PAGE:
The electronics module functionality is documented through description of FIG. 13. The module includes a computer 200 such as an IBM PC-AT or similar connected to a data bus 202. The computer implements a closed loop control system for the motors based upon the rotary position of each DC motor which can be sensed by a position encoder for each motor which can be mounted on each motor housing. The encoder output is made available to the computer controller through six encoder decoding channels 204. The computer synthesizes velocity and acceleration from periodic position readings. Each servo loop cycle computes new motor torque values derived from actually drive voltages for the PWM amplifiers 206. These programmed torque values are interfaced to the PWM amplifiers through six digital to analog interfaces 208.

A set of three Hall effect switches are provided for each motor. In alternative embodiments, brushless motor commutation can be accomplished using encoder position readings, however this makes mounting the encoder more difficult. A simpler approach is to use Hall effect switches which signal each phase change point. The PWM amplifiers in this input for commutation, or sinusoidal signals which could be generated from resolvers.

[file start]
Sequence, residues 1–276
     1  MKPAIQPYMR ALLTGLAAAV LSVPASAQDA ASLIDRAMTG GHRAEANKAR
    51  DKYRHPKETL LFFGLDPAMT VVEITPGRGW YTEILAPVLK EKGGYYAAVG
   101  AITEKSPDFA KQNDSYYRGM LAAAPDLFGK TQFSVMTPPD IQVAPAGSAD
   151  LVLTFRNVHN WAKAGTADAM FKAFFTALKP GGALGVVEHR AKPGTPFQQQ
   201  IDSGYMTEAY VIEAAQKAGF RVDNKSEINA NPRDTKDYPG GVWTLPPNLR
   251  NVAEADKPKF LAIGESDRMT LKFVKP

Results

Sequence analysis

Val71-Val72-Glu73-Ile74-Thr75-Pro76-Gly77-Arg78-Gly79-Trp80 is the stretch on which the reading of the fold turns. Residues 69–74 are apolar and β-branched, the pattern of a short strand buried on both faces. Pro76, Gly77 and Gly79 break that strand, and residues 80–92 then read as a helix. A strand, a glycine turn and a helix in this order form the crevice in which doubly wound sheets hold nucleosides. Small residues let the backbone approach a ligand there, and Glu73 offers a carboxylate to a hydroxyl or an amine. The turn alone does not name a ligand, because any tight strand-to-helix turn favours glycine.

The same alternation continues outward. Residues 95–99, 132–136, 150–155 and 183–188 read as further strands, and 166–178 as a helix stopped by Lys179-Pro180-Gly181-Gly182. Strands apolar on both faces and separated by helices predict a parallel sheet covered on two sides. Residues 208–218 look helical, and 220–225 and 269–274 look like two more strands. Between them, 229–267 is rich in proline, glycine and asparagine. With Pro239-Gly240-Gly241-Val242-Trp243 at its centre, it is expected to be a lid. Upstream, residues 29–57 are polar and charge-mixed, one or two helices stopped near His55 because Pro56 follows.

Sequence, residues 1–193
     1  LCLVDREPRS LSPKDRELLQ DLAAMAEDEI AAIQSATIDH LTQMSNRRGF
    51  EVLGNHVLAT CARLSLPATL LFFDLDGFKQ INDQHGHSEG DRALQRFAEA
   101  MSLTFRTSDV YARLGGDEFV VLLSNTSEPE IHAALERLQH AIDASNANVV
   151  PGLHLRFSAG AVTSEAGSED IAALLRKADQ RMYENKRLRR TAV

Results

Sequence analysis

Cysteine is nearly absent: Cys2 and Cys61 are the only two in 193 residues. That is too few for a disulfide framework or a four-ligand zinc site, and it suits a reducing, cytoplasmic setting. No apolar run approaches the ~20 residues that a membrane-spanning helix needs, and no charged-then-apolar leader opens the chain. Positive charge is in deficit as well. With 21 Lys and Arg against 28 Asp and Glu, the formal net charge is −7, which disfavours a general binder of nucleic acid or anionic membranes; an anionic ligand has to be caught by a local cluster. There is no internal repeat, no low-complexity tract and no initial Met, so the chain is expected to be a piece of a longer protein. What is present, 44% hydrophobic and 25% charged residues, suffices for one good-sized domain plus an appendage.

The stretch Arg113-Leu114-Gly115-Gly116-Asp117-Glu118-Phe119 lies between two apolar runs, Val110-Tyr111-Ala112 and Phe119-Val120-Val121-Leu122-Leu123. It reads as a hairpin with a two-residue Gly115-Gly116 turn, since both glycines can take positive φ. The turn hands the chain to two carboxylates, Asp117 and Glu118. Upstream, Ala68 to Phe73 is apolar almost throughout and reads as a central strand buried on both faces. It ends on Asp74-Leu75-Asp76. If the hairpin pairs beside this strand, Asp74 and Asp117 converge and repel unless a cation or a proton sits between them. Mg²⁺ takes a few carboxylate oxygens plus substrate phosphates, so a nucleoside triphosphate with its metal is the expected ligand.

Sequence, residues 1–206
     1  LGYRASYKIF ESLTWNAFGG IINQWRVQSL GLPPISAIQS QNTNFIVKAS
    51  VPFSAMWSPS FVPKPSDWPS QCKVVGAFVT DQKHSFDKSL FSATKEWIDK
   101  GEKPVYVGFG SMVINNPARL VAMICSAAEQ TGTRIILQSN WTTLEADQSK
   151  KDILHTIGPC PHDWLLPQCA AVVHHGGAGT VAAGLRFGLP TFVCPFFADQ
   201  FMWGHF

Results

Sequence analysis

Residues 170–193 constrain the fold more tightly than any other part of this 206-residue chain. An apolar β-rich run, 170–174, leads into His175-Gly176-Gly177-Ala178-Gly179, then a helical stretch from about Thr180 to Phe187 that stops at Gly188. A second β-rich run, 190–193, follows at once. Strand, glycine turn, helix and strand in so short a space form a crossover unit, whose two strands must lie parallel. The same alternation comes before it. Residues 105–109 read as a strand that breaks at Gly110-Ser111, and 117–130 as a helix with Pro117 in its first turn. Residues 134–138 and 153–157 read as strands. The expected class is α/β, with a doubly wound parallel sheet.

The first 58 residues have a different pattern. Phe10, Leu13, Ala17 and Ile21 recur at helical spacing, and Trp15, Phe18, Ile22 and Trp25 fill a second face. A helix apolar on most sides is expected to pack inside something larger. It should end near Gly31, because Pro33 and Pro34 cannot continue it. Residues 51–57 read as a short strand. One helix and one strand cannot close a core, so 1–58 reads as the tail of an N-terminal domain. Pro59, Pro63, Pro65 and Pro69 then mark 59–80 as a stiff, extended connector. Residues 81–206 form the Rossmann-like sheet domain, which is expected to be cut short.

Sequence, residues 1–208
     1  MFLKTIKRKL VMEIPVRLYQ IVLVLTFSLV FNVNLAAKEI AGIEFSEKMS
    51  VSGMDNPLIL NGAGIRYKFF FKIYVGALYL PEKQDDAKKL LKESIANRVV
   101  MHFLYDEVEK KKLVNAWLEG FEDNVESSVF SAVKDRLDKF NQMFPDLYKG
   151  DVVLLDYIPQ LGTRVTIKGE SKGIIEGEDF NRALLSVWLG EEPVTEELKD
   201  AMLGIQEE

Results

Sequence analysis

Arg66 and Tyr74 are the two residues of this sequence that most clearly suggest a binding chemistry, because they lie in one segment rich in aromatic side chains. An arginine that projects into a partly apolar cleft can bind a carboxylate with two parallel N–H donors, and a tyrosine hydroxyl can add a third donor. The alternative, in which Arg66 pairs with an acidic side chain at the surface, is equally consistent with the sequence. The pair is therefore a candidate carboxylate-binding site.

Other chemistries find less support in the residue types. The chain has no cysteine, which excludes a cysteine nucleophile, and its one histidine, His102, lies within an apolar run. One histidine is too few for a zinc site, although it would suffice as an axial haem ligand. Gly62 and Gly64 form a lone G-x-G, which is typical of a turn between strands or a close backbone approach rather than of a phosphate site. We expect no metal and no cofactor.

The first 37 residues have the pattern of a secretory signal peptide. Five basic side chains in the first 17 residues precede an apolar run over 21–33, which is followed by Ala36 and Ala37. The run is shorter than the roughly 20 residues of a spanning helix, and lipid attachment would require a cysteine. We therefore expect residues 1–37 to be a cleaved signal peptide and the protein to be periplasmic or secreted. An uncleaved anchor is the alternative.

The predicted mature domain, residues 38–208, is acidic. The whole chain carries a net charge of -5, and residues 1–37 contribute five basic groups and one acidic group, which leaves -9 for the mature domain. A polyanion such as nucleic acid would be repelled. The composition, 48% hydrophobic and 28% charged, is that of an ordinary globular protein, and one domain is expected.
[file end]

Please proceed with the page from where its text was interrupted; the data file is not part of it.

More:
The computer itself requires a device (typically a magnetic storage device such as a floppy disk or a hard disk) from which to load the servo control code. In other embodiments this software driver code can be located in Read-Only Memory or Optical Memory. The computer may also require a monitor and a keyboard to display status and input command sequences.

Because a digitally controlled servo system such as that used here can be dangerous on power up when many circuits are in unknown states or when the software crashes, a safety deadman's circuit 210 has been included in the design. This circuit locks out all power to the amplifiers and motors unless a valid initialization sequence has been performed and the software servo loop is running correctly. It also shuts down power if the servo loop fails.

Because unknown conditions can arise either from the handle itself of from other external devices with safe shutdown subsystems, the deadman's circuit also can power down the manipulator on an externally signaled failure or if the operator releases his grip on the handle allowing the deadman's switch to be released.

The deadman's circuit works as follows. When the hand controller is powered up, the deadman circuit will be inactive until a valid servo control system is in operation, either—started by manual application start up or through the use of an automatic start-up command sequence initiated on computer interface system upon power-up.